In spite of significant public concern, professional efforts and financial expenditure, there has been a perceived lack of progress in reducing the incidence of child abuse, and in improving the outcomes for children in both the short and longer term. In this article the authors reflect on recent policy developments in the United Kingdom relating to children and families experiencing multiple adversities, and argue that the current conceptualisation of child abuse is flawed. In adopting a rational technical approach to the management of child abuse, there is a tendency to focus on shorter term outcomes for the child, such as immediate safety, that primarily reflect the outputs of the child protection system. However, by viewing child abuse as a wicked problem, that is complex and less amenable to being solved, then child welfare professionals can be supported to focus on achieving longer term outcomes for children that are more likely to meet their needs. The authors argue for an earlier identification of and intervention with children who are experiencing multiple adversity, such as those living with parents misusing substances and exposed to intimate partner violence.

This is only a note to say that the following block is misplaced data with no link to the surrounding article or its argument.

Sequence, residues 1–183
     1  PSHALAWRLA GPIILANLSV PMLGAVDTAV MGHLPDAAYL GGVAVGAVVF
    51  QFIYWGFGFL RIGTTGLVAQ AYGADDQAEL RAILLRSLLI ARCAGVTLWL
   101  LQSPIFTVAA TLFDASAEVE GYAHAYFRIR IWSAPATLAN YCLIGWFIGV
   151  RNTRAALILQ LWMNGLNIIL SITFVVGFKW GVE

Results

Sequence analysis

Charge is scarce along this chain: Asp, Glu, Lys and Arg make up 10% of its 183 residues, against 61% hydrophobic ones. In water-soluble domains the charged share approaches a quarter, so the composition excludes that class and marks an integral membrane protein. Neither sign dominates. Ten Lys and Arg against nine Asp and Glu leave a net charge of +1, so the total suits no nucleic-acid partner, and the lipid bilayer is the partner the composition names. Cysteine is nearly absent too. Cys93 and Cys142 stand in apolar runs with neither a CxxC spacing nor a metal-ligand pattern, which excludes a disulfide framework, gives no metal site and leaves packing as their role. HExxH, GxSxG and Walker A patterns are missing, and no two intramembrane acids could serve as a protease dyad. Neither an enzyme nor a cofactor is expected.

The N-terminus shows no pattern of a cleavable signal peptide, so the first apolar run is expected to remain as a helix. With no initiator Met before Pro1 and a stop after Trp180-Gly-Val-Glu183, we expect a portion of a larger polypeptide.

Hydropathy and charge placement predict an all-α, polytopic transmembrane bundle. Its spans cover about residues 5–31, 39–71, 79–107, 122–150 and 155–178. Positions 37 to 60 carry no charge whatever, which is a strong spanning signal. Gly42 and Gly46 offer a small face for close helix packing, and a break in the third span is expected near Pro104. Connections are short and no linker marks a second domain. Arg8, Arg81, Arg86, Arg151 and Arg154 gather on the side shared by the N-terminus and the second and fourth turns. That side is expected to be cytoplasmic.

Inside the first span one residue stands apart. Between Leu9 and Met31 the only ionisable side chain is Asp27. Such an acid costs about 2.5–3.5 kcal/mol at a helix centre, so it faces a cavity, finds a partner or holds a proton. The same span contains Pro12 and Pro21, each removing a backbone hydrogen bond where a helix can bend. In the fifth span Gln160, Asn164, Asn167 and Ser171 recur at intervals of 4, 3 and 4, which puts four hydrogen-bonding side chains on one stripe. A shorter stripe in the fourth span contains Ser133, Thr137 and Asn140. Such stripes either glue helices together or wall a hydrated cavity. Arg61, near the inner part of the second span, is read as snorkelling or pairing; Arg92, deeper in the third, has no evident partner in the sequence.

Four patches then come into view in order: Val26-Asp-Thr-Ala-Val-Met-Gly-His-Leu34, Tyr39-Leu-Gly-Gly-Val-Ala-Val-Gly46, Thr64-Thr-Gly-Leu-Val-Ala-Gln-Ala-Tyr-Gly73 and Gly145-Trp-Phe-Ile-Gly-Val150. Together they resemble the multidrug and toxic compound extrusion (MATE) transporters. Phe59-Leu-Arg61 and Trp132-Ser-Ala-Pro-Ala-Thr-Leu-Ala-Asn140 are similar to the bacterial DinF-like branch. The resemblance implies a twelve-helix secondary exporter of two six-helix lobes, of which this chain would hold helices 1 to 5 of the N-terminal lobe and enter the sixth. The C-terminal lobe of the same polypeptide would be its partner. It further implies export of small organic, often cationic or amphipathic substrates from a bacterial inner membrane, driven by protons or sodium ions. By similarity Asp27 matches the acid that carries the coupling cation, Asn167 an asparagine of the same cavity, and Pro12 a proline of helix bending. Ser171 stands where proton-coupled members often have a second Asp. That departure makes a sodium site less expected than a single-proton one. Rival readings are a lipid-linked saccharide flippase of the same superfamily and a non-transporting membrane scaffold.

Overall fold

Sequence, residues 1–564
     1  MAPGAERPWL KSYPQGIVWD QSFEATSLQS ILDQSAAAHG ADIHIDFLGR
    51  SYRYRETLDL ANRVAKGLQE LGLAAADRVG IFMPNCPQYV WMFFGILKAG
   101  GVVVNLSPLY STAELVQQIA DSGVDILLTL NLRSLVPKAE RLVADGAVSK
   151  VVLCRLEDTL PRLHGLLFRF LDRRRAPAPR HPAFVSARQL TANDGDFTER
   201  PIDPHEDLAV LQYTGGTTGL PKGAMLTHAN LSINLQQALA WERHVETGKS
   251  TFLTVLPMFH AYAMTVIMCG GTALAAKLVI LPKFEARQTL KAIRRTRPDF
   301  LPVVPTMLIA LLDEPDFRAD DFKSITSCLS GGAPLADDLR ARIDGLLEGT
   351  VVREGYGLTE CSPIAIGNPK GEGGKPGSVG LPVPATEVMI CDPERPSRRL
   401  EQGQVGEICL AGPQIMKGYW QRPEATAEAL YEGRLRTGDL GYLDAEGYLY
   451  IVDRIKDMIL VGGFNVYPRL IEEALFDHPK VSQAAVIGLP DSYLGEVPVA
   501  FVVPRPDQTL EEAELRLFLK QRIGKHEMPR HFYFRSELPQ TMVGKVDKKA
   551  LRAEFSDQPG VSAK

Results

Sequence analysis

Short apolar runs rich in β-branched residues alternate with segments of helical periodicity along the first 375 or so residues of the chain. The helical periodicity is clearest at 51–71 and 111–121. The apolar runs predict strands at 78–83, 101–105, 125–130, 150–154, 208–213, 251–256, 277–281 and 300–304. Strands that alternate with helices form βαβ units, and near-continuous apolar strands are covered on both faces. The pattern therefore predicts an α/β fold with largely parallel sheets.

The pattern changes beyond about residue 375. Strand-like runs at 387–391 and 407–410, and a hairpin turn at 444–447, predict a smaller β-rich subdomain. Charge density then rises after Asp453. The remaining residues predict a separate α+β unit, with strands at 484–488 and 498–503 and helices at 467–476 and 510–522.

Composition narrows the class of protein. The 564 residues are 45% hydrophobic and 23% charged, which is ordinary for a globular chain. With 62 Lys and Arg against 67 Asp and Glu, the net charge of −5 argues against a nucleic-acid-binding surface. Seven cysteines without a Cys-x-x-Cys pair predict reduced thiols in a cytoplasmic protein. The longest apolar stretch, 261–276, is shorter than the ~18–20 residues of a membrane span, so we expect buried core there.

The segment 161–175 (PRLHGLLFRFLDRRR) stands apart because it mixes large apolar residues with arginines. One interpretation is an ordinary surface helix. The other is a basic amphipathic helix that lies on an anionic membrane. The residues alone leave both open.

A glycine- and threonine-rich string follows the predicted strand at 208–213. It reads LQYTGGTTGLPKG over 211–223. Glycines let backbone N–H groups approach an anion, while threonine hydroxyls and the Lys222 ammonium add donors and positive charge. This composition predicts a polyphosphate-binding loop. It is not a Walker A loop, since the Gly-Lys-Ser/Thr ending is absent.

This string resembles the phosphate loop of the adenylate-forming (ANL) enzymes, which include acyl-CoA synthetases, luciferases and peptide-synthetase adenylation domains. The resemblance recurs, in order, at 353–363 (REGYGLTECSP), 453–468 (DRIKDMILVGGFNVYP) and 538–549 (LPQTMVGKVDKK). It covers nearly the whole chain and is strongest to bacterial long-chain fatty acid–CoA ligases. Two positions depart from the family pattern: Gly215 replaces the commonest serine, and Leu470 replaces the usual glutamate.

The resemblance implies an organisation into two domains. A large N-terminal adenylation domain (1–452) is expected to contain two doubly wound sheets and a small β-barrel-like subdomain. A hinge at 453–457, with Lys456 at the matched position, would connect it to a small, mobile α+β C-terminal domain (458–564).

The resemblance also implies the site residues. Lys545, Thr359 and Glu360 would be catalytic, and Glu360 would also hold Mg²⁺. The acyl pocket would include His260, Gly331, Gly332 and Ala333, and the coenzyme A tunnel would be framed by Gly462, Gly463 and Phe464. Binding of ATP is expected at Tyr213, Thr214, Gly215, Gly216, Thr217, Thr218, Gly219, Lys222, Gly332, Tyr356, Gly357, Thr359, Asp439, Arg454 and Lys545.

ASJC Scopus subject areas
- Developmental and Educational Psychology
- Sociology and Political Science